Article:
"I'm 59. In either Canada or Great Britain, if I broke my hip, I couldn’t get it replaced."
Roy Blunt on Wednesday, August 12th, 2009 in an editorial board meeting with the St. Louis Post-Dispatch
At 59, GOP congressman says he couldn't get a hip replacement in Canada or England
Critics of President Barack Obama's health care plan have often cited problems with government-run health care in Canada and Britain to make a point that there could be long lines or inadequate care under the Democratic plan.
During a meeting with with reporters and editors at the St. Louis Post-Dispatch in early August 2009, Rep. Roy Blunt, R-Mo., said he was living proof of the drawbacks of the Canadian and British systems.
"I'm 59. In either Canada or Great Britain, if I broke my hip, I couldn't get it replaced," he told them, asserting that he was too old to be eligible for the expensive surgery.
Our friends at the
checked the assertion and found it to be false. We did our own fact-checking and verified their work.
In an Aug. 16 editorial challenging Blunt's assertion, the newspaper wrote that "at least 63 percent of hip replacements performed in Canada last year and two-thirds of those done in England were on patients age 65 or older. More than 1,200 in Canada were done on people older than 85."
Let's take those numbers individually.
On the question of Canadian hip replacements, the Post-Dispatch cited a report by the Canadian Institute for Health Information, which describes itself as "an independent, not-for-profit organization that provides essential data and analysis on Canada’s health system and the health of Canadians." The report draws on information from several databases, including nationwide figures on medical procedures undertaken in hospitals. Using those statistics, it found that in all of Canada (except for the province of Quebec, for which information was unavailable), 63 percent of all hip replacements in 2006-2007 were performed on patients 65 and older. So Blunt was wrong, and the newspaper was right.
As for the the number of Canadian hip replacements for the 85-and-older demographic, the newspaper actually underestimated how many there were. The number for 2006-2007, according to the same report, was 1,577.
Just to make sure these numbers were valid, we checked with Shirley Chen, a senior analyst at the Canadian Joint Replacement Registry, a project of CIHI and orthopedic surgeons in Canada that collects statistics on hip and knee joint replacements. She confirmed the numbers reported here.
For Britain, the Post-Dispatch got its figures from a 2000 report by the National Institute for Health and Clinical Excellence, a group that determines whether particular treatments are covered by the British National Health Service. The report said that "the over 65-year age group accounts for two in every three" hip replacements.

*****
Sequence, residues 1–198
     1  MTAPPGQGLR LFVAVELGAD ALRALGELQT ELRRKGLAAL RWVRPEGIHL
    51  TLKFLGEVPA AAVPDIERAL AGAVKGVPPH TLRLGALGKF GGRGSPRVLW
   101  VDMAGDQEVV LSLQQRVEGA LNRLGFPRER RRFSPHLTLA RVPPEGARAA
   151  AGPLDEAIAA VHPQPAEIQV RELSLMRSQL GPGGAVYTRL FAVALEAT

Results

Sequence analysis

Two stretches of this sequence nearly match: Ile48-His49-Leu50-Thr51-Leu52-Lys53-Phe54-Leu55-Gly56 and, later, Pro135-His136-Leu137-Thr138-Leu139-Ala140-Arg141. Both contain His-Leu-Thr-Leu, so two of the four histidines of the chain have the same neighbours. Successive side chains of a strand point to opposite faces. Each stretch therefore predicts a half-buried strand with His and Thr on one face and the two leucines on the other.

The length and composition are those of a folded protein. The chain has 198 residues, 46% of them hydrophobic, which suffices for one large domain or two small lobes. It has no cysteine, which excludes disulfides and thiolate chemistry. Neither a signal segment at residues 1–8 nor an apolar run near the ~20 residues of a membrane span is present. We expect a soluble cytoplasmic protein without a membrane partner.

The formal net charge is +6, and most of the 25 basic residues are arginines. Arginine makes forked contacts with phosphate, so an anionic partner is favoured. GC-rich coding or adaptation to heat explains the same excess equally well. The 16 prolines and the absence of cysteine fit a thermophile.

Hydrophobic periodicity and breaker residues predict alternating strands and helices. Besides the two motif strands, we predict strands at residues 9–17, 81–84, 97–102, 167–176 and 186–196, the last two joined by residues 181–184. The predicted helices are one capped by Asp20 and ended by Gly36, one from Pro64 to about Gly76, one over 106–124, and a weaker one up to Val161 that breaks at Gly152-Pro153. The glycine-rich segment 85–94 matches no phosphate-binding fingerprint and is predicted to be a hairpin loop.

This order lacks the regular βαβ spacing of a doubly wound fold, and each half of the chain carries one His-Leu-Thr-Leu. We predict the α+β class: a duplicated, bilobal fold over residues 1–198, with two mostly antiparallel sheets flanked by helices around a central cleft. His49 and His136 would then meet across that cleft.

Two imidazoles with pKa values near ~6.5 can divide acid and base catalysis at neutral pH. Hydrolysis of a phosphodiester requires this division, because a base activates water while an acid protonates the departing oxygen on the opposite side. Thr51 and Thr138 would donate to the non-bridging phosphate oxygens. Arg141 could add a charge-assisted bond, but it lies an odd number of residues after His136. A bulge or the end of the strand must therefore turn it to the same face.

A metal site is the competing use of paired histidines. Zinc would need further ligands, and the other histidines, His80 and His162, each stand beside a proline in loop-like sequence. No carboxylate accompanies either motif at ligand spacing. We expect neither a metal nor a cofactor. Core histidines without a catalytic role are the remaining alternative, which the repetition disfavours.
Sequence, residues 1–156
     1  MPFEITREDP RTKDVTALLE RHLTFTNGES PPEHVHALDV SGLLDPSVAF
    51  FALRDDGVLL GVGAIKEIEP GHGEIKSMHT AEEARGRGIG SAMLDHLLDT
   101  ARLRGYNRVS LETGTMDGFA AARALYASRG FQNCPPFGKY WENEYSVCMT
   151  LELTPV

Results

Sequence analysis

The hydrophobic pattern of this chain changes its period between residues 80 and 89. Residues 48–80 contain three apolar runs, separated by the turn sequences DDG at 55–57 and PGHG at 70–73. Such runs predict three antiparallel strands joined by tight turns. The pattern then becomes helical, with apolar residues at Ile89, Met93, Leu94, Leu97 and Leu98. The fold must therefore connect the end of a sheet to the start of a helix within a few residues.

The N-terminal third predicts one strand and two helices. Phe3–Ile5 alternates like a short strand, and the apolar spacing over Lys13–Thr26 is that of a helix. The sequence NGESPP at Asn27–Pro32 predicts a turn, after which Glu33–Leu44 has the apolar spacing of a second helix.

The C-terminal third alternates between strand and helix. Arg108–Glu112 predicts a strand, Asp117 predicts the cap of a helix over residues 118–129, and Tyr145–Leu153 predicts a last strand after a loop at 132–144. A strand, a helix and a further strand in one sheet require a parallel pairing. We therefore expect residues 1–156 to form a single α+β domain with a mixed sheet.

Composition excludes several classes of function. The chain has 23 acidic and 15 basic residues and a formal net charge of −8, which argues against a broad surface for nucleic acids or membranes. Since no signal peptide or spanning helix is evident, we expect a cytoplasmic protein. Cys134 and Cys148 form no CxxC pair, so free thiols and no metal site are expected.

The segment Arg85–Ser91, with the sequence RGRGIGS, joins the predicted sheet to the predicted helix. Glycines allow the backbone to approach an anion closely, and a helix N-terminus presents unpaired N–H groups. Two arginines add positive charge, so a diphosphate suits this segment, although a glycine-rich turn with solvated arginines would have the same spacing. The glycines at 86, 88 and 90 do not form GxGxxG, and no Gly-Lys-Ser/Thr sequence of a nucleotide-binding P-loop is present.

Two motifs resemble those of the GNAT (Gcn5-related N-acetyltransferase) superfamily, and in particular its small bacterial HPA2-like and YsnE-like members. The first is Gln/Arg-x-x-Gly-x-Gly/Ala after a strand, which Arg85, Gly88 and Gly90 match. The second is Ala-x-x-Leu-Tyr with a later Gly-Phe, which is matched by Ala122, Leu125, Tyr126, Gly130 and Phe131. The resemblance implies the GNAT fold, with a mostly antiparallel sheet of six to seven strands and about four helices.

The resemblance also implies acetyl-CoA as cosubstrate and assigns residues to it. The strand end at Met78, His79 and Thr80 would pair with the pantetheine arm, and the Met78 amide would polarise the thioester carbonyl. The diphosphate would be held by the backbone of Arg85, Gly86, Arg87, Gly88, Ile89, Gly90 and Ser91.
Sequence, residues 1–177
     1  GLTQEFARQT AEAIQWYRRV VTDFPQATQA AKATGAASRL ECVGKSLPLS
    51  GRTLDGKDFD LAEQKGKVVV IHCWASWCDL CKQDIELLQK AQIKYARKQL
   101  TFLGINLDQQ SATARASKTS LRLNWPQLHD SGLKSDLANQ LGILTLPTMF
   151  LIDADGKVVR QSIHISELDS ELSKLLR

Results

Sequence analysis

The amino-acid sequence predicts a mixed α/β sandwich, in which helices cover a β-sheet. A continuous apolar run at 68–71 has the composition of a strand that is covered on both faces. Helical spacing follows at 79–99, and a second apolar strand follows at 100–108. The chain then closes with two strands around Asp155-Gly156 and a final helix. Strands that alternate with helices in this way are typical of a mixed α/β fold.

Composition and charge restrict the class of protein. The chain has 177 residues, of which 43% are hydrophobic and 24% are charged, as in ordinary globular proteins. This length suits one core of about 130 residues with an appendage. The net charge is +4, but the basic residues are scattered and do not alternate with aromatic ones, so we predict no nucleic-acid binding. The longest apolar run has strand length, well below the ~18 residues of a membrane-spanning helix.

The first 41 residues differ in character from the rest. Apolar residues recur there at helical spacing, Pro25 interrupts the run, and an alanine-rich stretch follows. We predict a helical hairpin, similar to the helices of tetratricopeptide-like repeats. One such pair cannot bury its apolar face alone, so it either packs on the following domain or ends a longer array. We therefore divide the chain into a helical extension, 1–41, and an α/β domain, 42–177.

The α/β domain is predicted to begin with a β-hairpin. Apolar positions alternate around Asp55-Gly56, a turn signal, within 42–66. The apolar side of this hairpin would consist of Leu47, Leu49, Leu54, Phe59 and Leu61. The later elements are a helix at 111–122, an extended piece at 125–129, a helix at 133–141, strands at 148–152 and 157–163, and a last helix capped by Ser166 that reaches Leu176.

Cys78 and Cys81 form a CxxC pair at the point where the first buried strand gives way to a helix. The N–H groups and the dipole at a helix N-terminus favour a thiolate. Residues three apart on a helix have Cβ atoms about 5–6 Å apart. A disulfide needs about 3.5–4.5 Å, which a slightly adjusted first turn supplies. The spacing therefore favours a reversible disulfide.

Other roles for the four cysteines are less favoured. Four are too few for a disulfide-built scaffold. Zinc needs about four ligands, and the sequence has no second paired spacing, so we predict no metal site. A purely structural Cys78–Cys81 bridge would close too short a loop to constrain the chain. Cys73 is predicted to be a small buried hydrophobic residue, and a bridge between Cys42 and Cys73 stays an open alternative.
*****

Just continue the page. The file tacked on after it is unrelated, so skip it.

When we called Britain's National Health Service's Information Center for Health and Social Care — the NHS's hub for medical statistics — they provided new numbers showing that 87 percent of hip replacements were performed on people age 60 or over. That's a different age bracket than what the newspaper used, but it still means Blunt was wrong.
Blunt acknowledged his mistake to the Post-Dispatch and promised to do better. "I'm glad you pointed that out to me," he told the newspaper. "I won’t use that example any more." He blamed the bad information on testimony before the House Energy and Commerce Subcommittee on Health, given by "some people who are supposed to be experts on Canadian health care." We looked through past congressional testimony using both Congressional Quarterly and Google but we couldn't find a reference that fit the description. Blunt's office did not respond to our request for an explanation.
Unlike others who have been caught in falsehoods in the health care debate, it's notable that Blunt has acknowledged his mistake and said he was sorry. But still, he was wrong about both countries and would be eligible for hip replacements for many years to come.
Public officials have a duty not to get things wrong, especially when it has the potential to frighten people. (You may recall we gave Vice President Joe Biden a Pants on Fire for saying during the swine flu scare that when you sneeze, it travels through the whole plane.) Likewise, this claim could scare many senior citizens. So we have to set the meter ablaze and give Blunt a Pants on Fire!
Published: Wednesday, August 19th, 2009 at 4:49 p.m.
Subjects: Health Care
St. Louis Post-Dispatch,
Truth and not-quite-truth in the health reform debate
Aug. 16, 2009
Canadian Institute for Health Information, " Hip and Knee Replacements in Canada, 2008–2009 Annual Report ," table 4, released 2009
National Institute for Health and Clinical Excellence, " Guidance on the Selection of Prostheses for Primary Total Hip Replacement ," April 2000
E-mail interview with Shirley Chen, senior analyst at the Canadian Joint Replacement Registry, Aug. 19, 2009
E-mail interview with Gregory Jones, spokesman for the National Institute for Health and Clinical Excellence, Aug. 19, 2009
Interview with Kristina Fox, spokeswoman for the National Health Service's Information Center for Health and Social Care, Aug. 19, 2009
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